But I forgot – it’s not about the money.

Seriously – I had started to do this essay on the disconnect between teacher and student.  I do think that removing the teacher’s eyes from the students’ work is a massive point of failure.  “But we’re overwhelmed!”  “So have fewer students.  Add more teachers.  Bring class sizes down to normal.  You’d be surprised at how that improves your ability to monitor the students and grade their papers yourself.”  But it will hurt the college’s bottom line, so it’s not an option.

The guys I work with – there are four of them – know that they can call me at any time of day or night.  I have trained them on Unix utilities and the way to think in doing our job.  I have done it for another bunch of people for another project, and I’ll do it again for some other set of people for the next project.  It’s hands-on, and I can tell you specific areas where they are strong, and areas where they are weak.  Not based solely on where they report that they are, but based on my interactions with them, and on me giving them individual assignments and seeing how they do.

Because if you are really teaching someone something, you have a hands-on knowledge of them and where they are in their learning.  You are involved with them, and have a relationship with them.  You aren’t passing off part of the mentoring to a third party.  That doesn’t cut it.  The knowledge the teacher could gain is lost, and the advice from the “grader” may not match up.  The grader doesn’t know that the four guys who sit together in the back row turned in almost-identical papers.  The grader doesn’t know that the girl on the left-hand aisle just lost her mom, or that the guy down front has trouble reading the board and hearing the assignments.  The personal contact is lost.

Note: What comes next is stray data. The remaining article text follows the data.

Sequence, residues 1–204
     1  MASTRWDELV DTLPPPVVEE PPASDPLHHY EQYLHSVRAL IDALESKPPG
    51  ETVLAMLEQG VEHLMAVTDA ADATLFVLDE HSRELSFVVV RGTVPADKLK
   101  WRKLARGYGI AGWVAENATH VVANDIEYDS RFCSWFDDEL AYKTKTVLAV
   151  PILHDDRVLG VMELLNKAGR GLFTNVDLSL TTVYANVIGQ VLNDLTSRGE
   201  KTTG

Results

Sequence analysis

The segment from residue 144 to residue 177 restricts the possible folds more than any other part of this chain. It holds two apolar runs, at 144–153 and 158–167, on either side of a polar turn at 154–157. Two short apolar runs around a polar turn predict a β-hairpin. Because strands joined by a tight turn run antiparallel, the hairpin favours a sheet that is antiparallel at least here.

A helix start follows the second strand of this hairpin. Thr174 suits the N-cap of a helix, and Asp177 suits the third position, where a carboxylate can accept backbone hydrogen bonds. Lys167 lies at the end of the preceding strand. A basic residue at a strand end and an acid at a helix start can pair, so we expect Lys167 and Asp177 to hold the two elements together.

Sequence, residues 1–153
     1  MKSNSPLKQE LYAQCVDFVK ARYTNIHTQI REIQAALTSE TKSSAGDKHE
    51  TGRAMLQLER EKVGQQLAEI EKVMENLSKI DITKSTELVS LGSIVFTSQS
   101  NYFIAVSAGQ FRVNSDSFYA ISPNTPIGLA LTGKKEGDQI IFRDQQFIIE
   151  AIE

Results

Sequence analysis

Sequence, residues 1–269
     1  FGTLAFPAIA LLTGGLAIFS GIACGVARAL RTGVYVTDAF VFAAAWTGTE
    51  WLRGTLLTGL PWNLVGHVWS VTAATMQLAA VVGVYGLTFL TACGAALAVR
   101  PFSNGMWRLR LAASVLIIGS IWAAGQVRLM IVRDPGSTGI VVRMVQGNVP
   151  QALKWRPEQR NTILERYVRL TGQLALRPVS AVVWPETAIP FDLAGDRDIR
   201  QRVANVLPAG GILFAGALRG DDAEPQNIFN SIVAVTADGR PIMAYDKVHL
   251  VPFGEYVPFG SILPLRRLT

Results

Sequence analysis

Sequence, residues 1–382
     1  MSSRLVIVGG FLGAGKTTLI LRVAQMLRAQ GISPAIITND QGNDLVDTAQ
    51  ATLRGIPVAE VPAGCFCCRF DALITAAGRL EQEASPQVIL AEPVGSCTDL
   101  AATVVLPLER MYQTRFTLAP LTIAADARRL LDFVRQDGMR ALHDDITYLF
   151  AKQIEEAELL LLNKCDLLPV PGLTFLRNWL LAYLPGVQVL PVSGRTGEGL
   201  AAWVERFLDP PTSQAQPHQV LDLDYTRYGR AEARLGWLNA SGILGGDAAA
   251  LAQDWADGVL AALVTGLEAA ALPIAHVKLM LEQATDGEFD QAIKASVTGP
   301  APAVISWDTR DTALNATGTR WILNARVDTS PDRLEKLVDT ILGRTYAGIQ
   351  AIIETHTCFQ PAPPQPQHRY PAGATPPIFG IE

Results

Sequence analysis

That’s in addition to the fact that these papers are being graded by someone whose first language is not English.  The graders have at least master’s degrees and must pass a writing test.  To me, that doesn’t matter.  I can tell from any significant note whether the writer is from the US or from India.  There are enough figures of speech that are different to indicate the country of origin.  “Today evening” instead of “this evening”.  “Do the needful”.  Little things like that don’t greatly interfere with communication, but they are definitely different.  I’m sure that there are phrases that go the other way, too, where the intent is conveyed through unfamiliar phraseology.  “Pull out all the stops” refers to playing an organ, which doesn’t happen too often when the national instruments are the sitar and tablas.  “I feel like a fifth wheel” doesn’t translate well when the most common vehicles have only two or three wheels.

I had thought that there might be a place for something like outsourced grading in on-line courses, but I changed my mind.  Even without ever being face-to-face with the students, the teacher still knows them (or can know them).  The teacher gets feedback from electronic questions during class, and from reading and grading the papers.  Outsourcing the grading removes that contact.

Bad move, US colleges and universities.  It’s like outsourcing the teaching of your church’s Sunday School classes to the strange denomination down the street.  The kids will be taught, yes, but what will they be taught?

It makes all the difference in the world.